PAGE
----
Elevating the role of the GC
How to meet the growing expectations of boards and investors
The role of the General Counsel has changed over time and differs across jurisdictions. As legal and compliance work increasingly attracts the interest of boards and investors, the GC is becoming a more central figure in commerce and industry. GCs also seem to have become the custodians of the reputations of their businesses, perhaps not in the standard job description, but most notably when disaster strikes.
Consistent with Deloitte’s analysis of other members of the C-suite, LMC identifies four roles of the GC (and if all four roles are played by the GC, we do generally regard the GC as a board-level position).
Role 1: Ambassador
The first role is that of an ambassador, the internal and external personification of legal issues and legal risk. In major matters, this is the person who leads discussion with counterparties, regulators, public authorities, and external counsel; who builds respect and trust with key stakeholders; who is the first point of contact for leaders who need legal help; and who develops relationships across their organisations.
Role 2: Strategist
Second is the strategist. This person rises above the turmoil of daily legal service to ensure long-term stability in legal support for the business. The strategist is involved across the life cycle of strategic initiatives—new markets and products, acquisitions, investigations, disputes, and more. The legal strategist sits next to the CEO.
Role 3: Steward
The third role is that of the steward. Much of the responsibility here is for risk management, but, in this capacity, the GC also protects the reputation of the business and oversees compliance, contracting and governance.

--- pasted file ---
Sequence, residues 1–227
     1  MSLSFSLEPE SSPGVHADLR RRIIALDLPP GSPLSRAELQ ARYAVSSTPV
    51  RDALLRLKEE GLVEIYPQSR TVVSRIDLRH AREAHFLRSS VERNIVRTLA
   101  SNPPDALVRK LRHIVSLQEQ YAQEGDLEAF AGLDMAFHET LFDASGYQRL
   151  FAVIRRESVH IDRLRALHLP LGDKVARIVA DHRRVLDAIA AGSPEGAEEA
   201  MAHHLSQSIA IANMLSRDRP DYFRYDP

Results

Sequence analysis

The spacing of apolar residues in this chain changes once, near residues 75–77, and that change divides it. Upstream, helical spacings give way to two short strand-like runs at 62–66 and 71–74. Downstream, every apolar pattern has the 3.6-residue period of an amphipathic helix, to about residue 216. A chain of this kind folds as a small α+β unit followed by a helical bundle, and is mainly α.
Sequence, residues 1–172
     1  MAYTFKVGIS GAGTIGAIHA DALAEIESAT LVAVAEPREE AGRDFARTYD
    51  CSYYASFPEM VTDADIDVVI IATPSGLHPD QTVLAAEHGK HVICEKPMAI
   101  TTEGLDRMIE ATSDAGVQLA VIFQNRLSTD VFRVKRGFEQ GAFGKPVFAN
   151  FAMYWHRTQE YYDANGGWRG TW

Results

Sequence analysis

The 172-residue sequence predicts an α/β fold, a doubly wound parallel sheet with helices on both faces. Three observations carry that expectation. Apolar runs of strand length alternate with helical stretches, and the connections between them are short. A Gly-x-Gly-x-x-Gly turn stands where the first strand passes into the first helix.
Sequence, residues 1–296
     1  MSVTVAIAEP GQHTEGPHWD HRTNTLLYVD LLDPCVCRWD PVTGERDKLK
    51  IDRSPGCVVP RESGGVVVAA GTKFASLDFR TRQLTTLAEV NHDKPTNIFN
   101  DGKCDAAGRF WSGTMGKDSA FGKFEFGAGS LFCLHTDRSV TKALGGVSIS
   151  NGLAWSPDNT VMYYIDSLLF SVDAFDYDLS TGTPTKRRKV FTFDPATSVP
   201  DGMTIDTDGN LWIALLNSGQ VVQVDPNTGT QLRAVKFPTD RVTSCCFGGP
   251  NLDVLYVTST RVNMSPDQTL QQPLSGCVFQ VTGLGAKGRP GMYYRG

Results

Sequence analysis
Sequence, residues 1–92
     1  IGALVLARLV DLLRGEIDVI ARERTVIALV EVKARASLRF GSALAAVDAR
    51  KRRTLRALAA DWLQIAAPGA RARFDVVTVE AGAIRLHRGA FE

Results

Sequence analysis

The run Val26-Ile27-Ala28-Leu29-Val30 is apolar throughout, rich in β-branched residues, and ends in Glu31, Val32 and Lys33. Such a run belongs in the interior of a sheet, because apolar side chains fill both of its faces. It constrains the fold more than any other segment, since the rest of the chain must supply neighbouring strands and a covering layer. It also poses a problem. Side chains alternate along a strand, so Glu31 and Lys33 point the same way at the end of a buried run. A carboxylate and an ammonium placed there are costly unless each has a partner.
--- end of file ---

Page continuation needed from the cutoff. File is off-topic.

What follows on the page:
Role 4: Operator
Finally, the operator fulfils a role to run the legal department as a business and is responsible for operations, technology, data, innovation, process, project management, as well as supplier selection.
These four roles can only be undertaken successfully if GCs have a deep understanding of the markets in which they operate and a complete familiarity with the culture, values, strategic direction and potential risks of their businesses. One of the most significant recent developments in the world of in-house departments is the growing number of appointments of chief operating officers, also known as directors of operations or chiefs of staff. GCs who create these roles are often frankly acknowledging that in many legal departments it is not possible for one person to be ambassador, strategist, steward, and operator. COOs take on the role of operator and so are responsible for the day-to-day running of the business. This is a development that Deloitte welcomes. We also welcome collaboration amongst COOs from legal departments, the best example of which is CLOC (Corporate Legal Operations Consortium), a rapidly expanding community of COOs that has come together to share best practice, to educate, and collectively drive change in the way that legal services are delivered.